Antiabortion forces have also used illegal and increasingly violent tactics, including harassment, terrorism, violence, and murder. Since the early 1980s, clinics and providers have been targets of violence. Over 80% of all abortion providers have been picketed or seriously harassed. Doctors and other workers have been the object of death threats, and clinics have been subject to chemical attacks (for example, butyric acid), arson, bomb threats, invasions, and blockades. In the late 1980s, a group called Operation Rescue initiated a strategy of civil disobedience by blockading clinic entrances and getting arrested. There were thousands of arrests nationwide as clinics increasingly became political battlefields.
In the 1990s, antiabortionists increasingly turned to harassment of individual doctors and their families, picketing their homes, following them, and circulating “Wanted” posters. Over 200 clinics have been bombed. After 1992, the violence became deadly. The murder of two doctors and an escort at a clinic in Pensacola, Florida, was followed by the murder of two women receptionists at clinics in Brookline, Massachusetts. A health care provider spoke about the impact of the violence:
The fear of violence has become part of the lives of every abortion provider in the country. As doctors, we are being warned not to open big envelopes with no return addresses in case a mail bomb is enclosed. I know colleagues who have had their homes picketed and their children threatened. Some wear bullet-proof vests and have remote starters for their cars. Even going to work and facing the disapproving looks from co-workers–isolation and marginalization from colleagues is part of it.
The antiabortion movement continues to mount new campaigns on many fronts. Most recently, it has aggressively put out the idea that abortion increases the risk of breast cancer. In January 1997, the results of a Danish study, the largest to date (involving one and a half million women), showed that there is no connection.s3 Unlike previous studies, this one did not rely on interviews and women’s reports but instead used data obtained from population registries about both abortion and breast cancer. Despite the lack of medical evidence and the fact that the scientific community does not recognize any link, the antiabortion movement continues to stir up fears about abortion and breast cancer.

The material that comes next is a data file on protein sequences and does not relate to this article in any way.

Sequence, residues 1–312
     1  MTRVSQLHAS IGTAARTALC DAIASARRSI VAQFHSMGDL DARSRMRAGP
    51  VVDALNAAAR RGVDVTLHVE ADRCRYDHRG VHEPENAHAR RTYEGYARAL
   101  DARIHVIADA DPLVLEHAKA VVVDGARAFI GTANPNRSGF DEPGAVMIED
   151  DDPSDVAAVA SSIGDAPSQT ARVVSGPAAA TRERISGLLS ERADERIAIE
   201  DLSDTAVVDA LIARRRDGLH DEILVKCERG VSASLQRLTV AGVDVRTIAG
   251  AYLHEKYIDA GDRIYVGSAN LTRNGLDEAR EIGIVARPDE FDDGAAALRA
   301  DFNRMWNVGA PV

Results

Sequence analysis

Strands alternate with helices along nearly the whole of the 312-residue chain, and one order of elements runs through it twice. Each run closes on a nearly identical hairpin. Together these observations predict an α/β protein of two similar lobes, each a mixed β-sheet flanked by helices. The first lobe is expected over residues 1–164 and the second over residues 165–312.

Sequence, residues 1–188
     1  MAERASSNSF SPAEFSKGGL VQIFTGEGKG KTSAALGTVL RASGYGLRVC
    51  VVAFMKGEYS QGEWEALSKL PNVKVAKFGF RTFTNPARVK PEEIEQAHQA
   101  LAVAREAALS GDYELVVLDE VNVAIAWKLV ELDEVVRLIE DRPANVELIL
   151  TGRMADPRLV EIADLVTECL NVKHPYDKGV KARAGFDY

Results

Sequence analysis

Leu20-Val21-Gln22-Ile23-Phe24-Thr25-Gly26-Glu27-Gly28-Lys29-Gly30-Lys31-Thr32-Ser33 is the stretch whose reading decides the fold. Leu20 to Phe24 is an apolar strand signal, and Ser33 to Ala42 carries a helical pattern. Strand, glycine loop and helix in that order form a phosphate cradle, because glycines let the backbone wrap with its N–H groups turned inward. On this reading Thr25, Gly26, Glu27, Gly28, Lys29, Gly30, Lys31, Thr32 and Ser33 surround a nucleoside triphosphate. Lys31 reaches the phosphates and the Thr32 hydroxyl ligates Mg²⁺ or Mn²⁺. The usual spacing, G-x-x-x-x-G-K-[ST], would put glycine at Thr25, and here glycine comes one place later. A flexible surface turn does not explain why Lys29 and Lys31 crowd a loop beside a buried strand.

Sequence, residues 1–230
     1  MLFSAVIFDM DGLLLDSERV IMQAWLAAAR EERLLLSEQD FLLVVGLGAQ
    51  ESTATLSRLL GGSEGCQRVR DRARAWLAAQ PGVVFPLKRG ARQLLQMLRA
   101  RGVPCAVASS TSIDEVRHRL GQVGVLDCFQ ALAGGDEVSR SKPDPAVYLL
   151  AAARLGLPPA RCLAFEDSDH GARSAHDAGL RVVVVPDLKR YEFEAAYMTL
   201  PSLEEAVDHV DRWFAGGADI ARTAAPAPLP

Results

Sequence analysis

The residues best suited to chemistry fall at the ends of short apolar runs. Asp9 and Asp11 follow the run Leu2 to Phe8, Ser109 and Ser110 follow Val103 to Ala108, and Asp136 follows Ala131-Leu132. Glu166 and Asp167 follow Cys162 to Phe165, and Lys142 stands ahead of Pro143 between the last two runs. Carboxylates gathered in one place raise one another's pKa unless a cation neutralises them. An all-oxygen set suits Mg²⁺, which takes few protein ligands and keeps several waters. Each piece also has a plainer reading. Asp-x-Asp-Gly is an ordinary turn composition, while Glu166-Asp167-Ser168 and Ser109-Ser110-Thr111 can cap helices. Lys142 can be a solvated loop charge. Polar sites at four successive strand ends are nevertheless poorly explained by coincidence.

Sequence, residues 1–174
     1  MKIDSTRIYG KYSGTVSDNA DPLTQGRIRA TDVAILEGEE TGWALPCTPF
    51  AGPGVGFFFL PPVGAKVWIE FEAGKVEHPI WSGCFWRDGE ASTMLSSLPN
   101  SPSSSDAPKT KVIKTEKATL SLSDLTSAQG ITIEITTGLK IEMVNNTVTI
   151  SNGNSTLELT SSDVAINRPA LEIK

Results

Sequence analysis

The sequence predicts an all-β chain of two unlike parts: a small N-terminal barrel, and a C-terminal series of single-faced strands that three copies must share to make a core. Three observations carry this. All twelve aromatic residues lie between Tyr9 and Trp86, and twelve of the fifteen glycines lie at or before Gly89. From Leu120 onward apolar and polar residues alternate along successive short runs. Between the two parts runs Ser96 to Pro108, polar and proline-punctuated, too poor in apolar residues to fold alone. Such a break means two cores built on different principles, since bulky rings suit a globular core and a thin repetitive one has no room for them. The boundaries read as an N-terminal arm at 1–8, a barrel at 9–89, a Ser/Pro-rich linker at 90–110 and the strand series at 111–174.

Legal but Out of Reach for Many Women
We have learned that legalization is not enough to ensure that abortions will be available to all women who want and need them. In addition to a lack of facilities and trained providers, burdensome legal restrictions, including parental consent or notification laws for minors and mandatory waiting periods, create significant obstacles. A minor who has been refused consent by a parent may have to go through an intimidating and time-consuming judicial hearing. Mandatory waiting periods may require a woman to miss extra days of work because she must go to the clinic not once, but twice, to obtain an abortion. If travel is required, this can make the whole procedure unaffordable. In other words, for millions of women, youth, race, and economic circumstances together with the lack of accessible services–especially for later abortions–translate into daunting barriers, forcing some women to resort to unsafe and illegal abortions and self-abortions.
WEAKENING THE CONSTITUTIONAL PROTECTION FOR ABORTION
When in 1980 the Supreme Court upheld the Hyde Amendment, it began eroding the constitutional protection for abortion rights. Since then, there have been other severe blows. In Webster v. Reproductive Health Services (1989), the Court opened the door to new state restrictions on abortion. In Hodgson v. Minnesota (1990), the Court upheld one of the strictest parental notification laws in the country.
These trends were further codified in Planned Parenthood v. Casey, a 1992 decision upholding a highly restrictive Pennsylvania law that included mandatory waiting periods and mandatory biased counseling. Two frightening themes emerged in the Casey decision. First, the Court sanctioned the view that government may regulate the health care of pregnant women to protect fetal life from the moment of conception so long as it does not “unduly burden” access to an abortion. Second, the Court showed little concern for the severe impact of state restrictions on women with few financial resources.